Madison Press Conference on National Voter Registration Day
Tuesday, Sept. 22, at 10:00 a.m., in front of the City-County Building
September 21, 2015
Speaking at the press conference on Tue, Sept, 22, in front of the Madison City-County Building will be:
- Maribeth Witzel-Behl, Clerk of the City of Madison.
- Nino Amato,executive director of the Coalition of Wisconsin Aging Groups and one of the founders of the NAACP Dane County chapter.
- Ruben Anthony, Urban League CEO.
- Andrea Kaminski, executive director of the League of Women Voters of Wisconsin.
- Matt Rothschild, executive director of the Wisconsin Democracy Campaign.
Other groups supporting the effort include Common Cause in Wisconsin, Fair Elections Wisconsin, People for the American Way, WisPIRG, and Wisconsin Voices.
“We want to make sure that all citizens have the information they need to register and to cast a ballot so they won’t be turned away on Election Day,” says Rothschild.
To register to vote in Wisconsin, you need to supply proof of who you are and where you live. If you possess a Wisconsin’s driver’s license or state ID, you’ll have to provide that number. And you can prove your residency by supplying ONE of the following:
- a current Wisconsin driver’s license with your current address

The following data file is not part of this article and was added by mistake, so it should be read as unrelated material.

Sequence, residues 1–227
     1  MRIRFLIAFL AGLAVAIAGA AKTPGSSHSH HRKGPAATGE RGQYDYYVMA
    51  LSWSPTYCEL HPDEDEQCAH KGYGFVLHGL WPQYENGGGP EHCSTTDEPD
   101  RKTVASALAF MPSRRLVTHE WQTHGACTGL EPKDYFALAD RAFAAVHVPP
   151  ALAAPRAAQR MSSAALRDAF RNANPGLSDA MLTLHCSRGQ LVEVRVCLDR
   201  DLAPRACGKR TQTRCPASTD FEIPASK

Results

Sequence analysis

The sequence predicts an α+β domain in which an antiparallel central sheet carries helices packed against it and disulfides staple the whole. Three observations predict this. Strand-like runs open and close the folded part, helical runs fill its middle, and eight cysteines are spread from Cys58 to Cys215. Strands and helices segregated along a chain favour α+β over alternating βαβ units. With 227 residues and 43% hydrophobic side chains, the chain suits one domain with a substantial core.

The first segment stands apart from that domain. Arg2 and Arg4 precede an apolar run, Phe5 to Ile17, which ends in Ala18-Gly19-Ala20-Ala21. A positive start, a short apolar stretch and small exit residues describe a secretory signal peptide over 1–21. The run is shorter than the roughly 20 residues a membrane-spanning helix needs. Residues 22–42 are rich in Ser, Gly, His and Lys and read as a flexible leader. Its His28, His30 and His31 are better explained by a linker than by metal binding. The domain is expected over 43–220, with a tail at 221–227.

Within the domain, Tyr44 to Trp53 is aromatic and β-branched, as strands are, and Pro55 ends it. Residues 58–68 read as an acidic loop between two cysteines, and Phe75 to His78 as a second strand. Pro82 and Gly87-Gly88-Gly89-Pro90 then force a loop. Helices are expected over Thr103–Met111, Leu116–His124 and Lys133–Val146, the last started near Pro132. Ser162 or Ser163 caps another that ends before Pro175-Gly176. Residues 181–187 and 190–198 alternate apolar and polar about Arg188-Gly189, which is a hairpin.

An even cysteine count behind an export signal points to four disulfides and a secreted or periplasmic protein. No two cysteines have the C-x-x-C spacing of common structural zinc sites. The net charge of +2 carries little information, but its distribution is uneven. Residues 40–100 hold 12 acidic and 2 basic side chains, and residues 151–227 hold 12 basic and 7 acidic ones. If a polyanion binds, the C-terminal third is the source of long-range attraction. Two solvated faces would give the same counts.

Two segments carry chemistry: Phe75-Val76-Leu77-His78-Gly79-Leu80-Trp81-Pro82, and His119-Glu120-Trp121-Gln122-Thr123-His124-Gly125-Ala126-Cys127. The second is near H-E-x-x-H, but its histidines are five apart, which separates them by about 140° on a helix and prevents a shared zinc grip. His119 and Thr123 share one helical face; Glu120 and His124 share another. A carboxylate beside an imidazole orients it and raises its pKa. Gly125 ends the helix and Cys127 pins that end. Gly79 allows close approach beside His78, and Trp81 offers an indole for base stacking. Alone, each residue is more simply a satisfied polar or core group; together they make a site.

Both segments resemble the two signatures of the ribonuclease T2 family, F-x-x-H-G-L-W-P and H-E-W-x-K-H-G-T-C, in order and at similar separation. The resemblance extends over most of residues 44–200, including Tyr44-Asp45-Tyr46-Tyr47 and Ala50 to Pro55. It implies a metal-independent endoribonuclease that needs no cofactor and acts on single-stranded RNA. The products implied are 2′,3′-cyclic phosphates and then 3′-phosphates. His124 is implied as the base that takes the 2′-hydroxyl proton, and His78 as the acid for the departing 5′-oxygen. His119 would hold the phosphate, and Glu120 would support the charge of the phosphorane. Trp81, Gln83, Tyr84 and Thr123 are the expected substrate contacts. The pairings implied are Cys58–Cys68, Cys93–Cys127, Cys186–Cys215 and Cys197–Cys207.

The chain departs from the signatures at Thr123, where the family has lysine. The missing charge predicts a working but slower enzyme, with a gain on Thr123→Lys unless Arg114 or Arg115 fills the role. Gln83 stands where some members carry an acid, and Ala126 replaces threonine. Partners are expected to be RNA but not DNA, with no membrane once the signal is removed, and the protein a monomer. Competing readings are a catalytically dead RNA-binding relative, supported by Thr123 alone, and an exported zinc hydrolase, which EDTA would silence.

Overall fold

- a fishing or hunting license with your current address
- A phone bill or a gas bill with your own name on it.
- A recent stub from your paycheck or a bank statement with your name and address.
- Your college ID card and a tuition receipt if you’re in college.
- Or a letter from a social service agency if you’re homeless.
Then bring this proof to the city clerk’s office and fill out a simple one-page form. In Madison, that’s at 210 Martin Luther King Jr. Blvd, #103. It’s open Monday through Friday, between the hours of 8:00 a.m. and 4:30 p.m.
Or you can go to any Madison Public Library branch to fill out a form.
Or you can go online to https://myvote.wi.gov. Print the form out, fill it out, sign it, include your proof of residency, and mail it in.
Wisconsin already has one of the highest voter turnouts in the country, at around 61 percent (the national average is 51 percent). Minnesota is first, with 67 percent.
Contact: Matt Rothschild: (608) 255-4260/(608) 695-7368